Having made this vocally played instrument for Chicago led me to think about having the callers also do the mixing and grouping for themselves. Obviously I could not be in these five places mixing and grouping at once; so I decided to remove myself completely from that process and implement it as an autonomous electronic system.

In 'Radio Net', the mixing was done with what could be seen as a special case of time-division multiplexing. Although heard as a conventional mix of input signals, the output was actually being switched very quickly from input to input. The perceived level of an input in the mix depended on how long the output lingered on it. The technique allowed automatic mixing according to an analysis of each signal; the criterion I used here was that the highest pitched signal at any given instant won the output for that particular fraction of a second.

A week before the broadcast, I shipped these self-mixers to the engineers at the stations in each of the call-in cities and hooked up and debugged them over the phone.

In those days radio programs on NPR were distributed by what they called a Round Robin - telephone lines connecting all two hundred stations into a large loop stretching across the country. Any station in the system could broadcast a program on all the others by opening the loop and feeding the program around it.
I saw that it was possible to make the loop itself into a sound-transformation circuit and tried a few things with it in several preliminary studies in 1974

For the broadcast I decided to configure it into five loops, one for each call-in city, all entering and leaving the NPR studios In Washington. Instead of being open loops as usual during a broadcast, though, I wanted to close them and insert a frequency shifter in each so that the sounds would circulate; it created a sound-transformation 'box' that was literally fifteen hundred miles wide by three thousand miles long with five ins and five outs emerging in Washington

We had a "dress rehearsal" the day before the broadcast so I could get a feel for things. It is touchy when you put a wire that long in a loop; even if you do have a frequency shifter and gain control, each loop was in a sense a living thing - they could get out of hand very quickly. During the broadcast I was on a conference call with the five engineers and could listen to each loop and ask them for changes in shift and gain at any time. My role was holding the balance of this big five-looped animal with as little movement as possible.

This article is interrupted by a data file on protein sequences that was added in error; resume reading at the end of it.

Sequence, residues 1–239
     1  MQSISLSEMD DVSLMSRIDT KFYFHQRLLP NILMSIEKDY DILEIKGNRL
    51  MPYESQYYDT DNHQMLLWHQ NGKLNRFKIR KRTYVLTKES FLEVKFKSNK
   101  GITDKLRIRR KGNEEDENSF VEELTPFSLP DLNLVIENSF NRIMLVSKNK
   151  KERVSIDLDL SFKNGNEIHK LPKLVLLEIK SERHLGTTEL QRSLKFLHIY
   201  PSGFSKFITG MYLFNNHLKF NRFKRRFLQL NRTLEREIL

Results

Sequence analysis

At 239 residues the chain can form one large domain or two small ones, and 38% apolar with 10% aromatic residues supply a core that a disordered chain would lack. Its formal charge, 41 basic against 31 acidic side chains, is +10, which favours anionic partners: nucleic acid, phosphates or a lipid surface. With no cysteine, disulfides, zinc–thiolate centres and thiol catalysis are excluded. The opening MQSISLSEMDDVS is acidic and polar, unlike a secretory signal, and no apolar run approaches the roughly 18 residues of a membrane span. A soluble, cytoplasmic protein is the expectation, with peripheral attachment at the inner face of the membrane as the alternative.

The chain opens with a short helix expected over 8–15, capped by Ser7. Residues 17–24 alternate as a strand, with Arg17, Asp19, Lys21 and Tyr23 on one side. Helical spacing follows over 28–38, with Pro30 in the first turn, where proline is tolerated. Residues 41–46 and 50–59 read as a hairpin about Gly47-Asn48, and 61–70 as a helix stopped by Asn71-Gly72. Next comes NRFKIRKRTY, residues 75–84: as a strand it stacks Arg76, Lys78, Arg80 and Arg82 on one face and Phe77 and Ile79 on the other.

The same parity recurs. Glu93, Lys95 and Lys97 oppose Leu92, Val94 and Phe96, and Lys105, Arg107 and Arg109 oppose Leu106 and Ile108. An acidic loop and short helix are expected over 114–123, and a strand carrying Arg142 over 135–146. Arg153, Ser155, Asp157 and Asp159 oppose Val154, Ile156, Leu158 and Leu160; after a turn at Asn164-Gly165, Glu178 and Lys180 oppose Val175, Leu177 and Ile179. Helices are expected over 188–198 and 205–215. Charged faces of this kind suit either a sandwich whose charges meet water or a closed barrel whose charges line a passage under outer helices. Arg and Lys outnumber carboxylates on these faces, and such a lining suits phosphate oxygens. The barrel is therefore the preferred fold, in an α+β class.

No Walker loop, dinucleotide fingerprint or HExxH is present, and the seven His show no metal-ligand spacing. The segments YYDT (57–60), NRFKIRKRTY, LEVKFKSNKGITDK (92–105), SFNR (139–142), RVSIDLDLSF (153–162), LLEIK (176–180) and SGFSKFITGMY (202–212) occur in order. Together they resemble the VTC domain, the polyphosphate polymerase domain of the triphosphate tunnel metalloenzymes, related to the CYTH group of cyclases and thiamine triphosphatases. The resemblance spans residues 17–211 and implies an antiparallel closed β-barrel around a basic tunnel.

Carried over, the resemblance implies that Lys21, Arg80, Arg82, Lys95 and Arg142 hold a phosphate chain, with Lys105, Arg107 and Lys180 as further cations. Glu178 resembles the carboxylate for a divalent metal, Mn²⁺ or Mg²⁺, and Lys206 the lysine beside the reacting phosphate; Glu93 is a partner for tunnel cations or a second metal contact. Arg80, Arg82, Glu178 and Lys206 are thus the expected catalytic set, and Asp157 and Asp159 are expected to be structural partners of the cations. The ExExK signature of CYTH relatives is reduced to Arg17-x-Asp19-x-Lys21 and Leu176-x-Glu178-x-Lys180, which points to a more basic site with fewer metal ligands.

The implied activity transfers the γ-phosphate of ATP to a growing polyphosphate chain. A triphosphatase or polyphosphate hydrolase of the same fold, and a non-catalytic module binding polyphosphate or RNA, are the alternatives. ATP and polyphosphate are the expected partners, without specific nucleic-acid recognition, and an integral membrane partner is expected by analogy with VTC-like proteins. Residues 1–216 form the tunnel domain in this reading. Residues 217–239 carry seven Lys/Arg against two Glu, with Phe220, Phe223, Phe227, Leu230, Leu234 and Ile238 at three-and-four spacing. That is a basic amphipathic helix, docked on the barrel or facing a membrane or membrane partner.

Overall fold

In all the previous works I had left the nature of the sounds phoned in for each caller to decide. Here I wanted to provide an indication to try and move them past the "Listen, it's my voice on the radio" stage and towards listening to one another. The question was what kind of indication - how does one indicate something to perhaps half a million people with their diverse backgrounds, intentions, and ways of interpreting? I decided to ask them simply to whistle.

The results of asking half a million people to do anything, even something as simple as whistling, of course will be diverse. Some will do it; others won't. Those who do will choose how or what to whistle. Even though it may seem a very specific request, for me it was a broad indicator to provide a body of pitched material in the work.

During the broadcast, the sounds phoned into each city passed through its self-mixer and started looping. With each cross-country pass, each sound made another layer, overlapping itself at different pitches until it gradually died away. It was quite a beautiful Sunday afternoon - two hours over which ten thousand people found their way into the work and made sounds.